The Rise and Fall of US Bonds


The performance of government bonds is obviously related to the movement in interest rates. However, the movement in interest rates can be very long term in duration and distort asset allocation models indefinitely. Over the past 65 years since the last time we were at 2% US government bond rates in 1948, or 6 o’clock on our inflation/deflation clock, interest rates have had a general rise then a decline. Therefore, forward looking ten year future return forecasts vs long term averages can be very inappropriate.

My thanks to my business partner, Paul Gambles, for this research piece by Craig L Israelsen on the topic:

“From 1948 through 1981, the federal discount rate increased – not every year but as a general trend. In 1948, the federal discount rate was 1.34%, and by 1981 it reached 13.42%. During this time of rising interest rates, the average annualized return for U.S. bonds was 3.83%. In the Rise & Fall chart on this page, the year-to-year performance of U.S. bonds is represented by the vertical bars. The U.S. bond performance was measured using intermediate-term U.S. government bond returns from 1948 to 1975 and the Barclays Capital Aggregate Bond Index returns from 1976 to 2012.

Notably, U.S. stocks (as measured by the S&P 500) showed essentially the same performance during both periods. From 1948 to 1981, when interest rates were rising, the S&P 500 had an annualized return of 11%. During the recent 31-year period of declining interest rates, the S&P 500 generated an 11.14% annualized return. So, while interest rate movement has a marked impact on bond returns, stocks have been largely immune – they tend to march to a variety of drummers.

Furthermore, cash (as represented by the three-month Treasury bill) also seemed relatively unaffected. Cash averaged 4.49% during the 34-year period of rising interest rates and 4.72% during the 31-year period of declining rates.”

Firstly, it is interesting that this research fits in exactly with our Kondratieff inflation / deflation analysis. Secondly, that if you optimize the first thirty year cycle into a multi asset portfolio you would get a very different answer to that of the second 30 year period. 3.8% vs 8.8% is a very large variance and as catastrophic as getting the shorter but equally difficult equity 15 year periods right and wrong.

This analysis of US bond markets since 1948 leads us to conclude that US Government Bonds should not form part of any global portfolio in an unconstrained world. Advisors may ask: should we avoid bonds as an ingredient in a diversified portfolio for the next week, next 30 years or forever?

Once again thanks to Paul for providing further research piece by Craig L Israelsen on the topic.

During the 34-year period of rising interest rates between 1948 and 1981, an all-bond portfolio returned an average 3.83% per year, whereas during the last 31 years it produced an average annualized return of 8.82%. The difference in return for an all-bond portfolio during these two distinct time frames was a staggering 499 basis points per annum.

How about a two-asset portfolio? Let’s assume the classic “balanced” design, with 60% allocated to stocks (as measured by the S&P 500) and 40% to bonds, in a portfolio that is rebalanced annually. The differential in performance in a two-asset portfolio across the two time periods is much less dramatic, even though the positive impact of bonds is clear in the more recent 31-year period. A performance difference of 499 basis points in an all-bond portfolio shrinks to a 204 basis points difference in a 60% stock / 40% bond, two-asset portfolio (10.56% versus 8.52%).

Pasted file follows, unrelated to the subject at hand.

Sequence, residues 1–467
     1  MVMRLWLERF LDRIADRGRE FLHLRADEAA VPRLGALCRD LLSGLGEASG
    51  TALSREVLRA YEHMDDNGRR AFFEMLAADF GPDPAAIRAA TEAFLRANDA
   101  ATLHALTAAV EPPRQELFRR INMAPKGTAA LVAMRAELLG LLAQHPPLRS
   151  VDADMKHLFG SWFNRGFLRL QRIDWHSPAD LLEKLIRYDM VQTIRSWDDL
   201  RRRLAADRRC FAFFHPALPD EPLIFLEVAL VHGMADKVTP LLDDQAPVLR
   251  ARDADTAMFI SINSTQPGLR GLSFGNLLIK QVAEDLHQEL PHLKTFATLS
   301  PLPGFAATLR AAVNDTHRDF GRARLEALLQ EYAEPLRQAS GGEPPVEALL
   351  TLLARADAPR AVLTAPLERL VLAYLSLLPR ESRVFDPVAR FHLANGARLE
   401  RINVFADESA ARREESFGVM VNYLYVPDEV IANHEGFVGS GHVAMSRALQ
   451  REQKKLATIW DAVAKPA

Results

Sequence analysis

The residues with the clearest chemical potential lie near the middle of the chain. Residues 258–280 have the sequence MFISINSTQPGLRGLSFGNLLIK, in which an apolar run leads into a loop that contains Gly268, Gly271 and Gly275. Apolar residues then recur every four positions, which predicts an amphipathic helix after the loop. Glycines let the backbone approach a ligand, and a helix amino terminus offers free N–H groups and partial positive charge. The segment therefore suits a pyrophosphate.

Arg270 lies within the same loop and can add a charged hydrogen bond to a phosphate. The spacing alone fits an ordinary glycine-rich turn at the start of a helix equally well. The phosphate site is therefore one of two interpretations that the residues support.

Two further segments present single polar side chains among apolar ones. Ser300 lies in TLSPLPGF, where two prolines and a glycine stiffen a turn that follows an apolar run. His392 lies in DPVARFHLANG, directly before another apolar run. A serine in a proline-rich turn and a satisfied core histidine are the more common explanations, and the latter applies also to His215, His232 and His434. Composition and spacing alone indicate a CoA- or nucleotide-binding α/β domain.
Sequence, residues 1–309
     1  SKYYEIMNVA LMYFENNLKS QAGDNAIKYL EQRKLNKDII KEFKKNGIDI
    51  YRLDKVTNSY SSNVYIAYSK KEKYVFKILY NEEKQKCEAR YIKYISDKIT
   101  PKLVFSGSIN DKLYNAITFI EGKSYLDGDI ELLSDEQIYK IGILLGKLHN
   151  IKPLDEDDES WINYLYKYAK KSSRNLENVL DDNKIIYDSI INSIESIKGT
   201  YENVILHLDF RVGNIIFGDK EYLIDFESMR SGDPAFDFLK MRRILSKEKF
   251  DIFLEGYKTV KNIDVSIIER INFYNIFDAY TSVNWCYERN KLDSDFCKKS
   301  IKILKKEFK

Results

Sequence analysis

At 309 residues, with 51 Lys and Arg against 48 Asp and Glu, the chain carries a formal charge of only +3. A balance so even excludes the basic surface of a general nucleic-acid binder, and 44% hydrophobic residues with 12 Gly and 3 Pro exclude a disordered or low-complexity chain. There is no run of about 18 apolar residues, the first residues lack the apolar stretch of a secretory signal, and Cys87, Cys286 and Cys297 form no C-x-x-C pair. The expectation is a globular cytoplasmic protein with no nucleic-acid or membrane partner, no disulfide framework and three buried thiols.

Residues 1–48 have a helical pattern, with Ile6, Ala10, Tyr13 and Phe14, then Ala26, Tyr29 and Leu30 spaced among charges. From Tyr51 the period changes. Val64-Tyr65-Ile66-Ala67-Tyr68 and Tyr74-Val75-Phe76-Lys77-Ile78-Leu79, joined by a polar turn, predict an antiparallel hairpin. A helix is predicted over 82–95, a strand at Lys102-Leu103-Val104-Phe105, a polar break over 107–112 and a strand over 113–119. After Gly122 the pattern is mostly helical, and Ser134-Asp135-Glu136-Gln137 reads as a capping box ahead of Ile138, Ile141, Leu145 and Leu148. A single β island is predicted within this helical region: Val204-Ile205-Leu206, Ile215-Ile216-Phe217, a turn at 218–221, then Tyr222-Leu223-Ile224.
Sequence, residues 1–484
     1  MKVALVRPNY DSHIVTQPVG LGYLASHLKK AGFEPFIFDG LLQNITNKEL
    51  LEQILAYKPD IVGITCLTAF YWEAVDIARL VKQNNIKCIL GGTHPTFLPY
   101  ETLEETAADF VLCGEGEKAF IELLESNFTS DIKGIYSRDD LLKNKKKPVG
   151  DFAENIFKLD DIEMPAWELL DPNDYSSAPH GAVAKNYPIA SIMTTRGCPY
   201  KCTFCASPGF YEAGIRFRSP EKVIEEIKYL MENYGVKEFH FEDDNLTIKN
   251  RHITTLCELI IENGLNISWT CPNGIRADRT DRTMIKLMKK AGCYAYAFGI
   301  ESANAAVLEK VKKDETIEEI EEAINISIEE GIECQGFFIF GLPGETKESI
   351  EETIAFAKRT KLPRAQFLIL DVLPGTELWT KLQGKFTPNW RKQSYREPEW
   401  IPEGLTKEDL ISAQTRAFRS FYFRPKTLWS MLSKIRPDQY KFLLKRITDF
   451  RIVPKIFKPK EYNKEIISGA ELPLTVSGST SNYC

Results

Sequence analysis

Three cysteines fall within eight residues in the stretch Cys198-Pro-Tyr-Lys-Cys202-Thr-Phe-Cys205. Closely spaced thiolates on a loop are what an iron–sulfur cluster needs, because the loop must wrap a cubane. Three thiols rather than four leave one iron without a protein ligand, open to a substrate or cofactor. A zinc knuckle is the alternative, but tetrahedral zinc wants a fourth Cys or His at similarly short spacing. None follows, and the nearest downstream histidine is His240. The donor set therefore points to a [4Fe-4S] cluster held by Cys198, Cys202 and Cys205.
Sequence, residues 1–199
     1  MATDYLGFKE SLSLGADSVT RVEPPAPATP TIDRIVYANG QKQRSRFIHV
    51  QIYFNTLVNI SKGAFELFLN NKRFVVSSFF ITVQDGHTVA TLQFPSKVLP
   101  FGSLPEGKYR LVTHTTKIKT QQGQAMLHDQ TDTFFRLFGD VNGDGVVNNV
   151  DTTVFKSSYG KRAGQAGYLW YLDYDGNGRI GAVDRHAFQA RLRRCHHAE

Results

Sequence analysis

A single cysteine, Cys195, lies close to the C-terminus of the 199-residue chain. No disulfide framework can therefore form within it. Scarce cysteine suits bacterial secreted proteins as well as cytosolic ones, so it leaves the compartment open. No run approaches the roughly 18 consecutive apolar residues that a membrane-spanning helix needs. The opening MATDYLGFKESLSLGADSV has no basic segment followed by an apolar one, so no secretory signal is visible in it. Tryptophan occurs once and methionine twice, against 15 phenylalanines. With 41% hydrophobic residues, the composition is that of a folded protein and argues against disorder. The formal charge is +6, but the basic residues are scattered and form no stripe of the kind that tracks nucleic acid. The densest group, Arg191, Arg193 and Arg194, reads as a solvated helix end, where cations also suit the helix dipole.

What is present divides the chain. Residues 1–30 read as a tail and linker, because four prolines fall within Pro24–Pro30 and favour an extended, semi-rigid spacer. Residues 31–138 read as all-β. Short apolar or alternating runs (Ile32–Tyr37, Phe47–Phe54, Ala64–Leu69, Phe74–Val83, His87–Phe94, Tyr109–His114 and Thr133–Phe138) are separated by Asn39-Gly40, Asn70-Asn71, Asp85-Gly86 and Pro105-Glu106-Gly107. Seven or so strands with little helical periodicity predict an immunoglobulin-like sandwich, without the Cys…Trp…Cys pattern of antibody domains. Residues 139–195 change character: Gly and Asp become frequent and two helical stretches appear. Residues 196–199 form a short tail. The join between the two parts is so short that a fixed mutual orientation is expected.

A four-asset portfolio that allocated 40% to large U.S. stocks, 20% to small U.S. stocks, 30% to bonds and 10% to cash (with annual rebalancing) generated an annualized return of 9.52% during the 34-year period when interest rates were rising and a 9.99% annualized return during the last 31 years, when rates were falling. The performance differential across the two time frames now shrinks to a mere 47 basis points.

Clearly, as diversification increases within a portfolio, the impact of the performance of one asset class on the overall portfolio is significantly reduced (assuming the allocations are not skewed heavily toward only one asset). This is precisely why portfolios should be diversified – by doing so, we lower risk by preventing the bad performance of one particular asset class from sinking a portfolio’s overall returns.

For a person who places all of their investments in one asset – whether bonds or stocks or real estate – timing is everything.  As it pertains to bond performance, the difference between the worst case 10-year period and best-case 10-year period for a 100% U.S. bond portfolio was nearly 1,300 basis points.

As we have stated on previous occasions, “Diversification is ‘The one free lunch’.  Market timing between asset classes, even cash and bonds, can have significant effects.”

The above data and research was compiled from sources believed to be reliable. However, neither MBMG International Ltd nor its officers can accept any liability for any errors or omissions in the above article nor bear any responsibility for any losses achieved as a result of any actions taken or not taken as a consequence of reading the above article. For more information please contact Graham Macdonald on [email protected]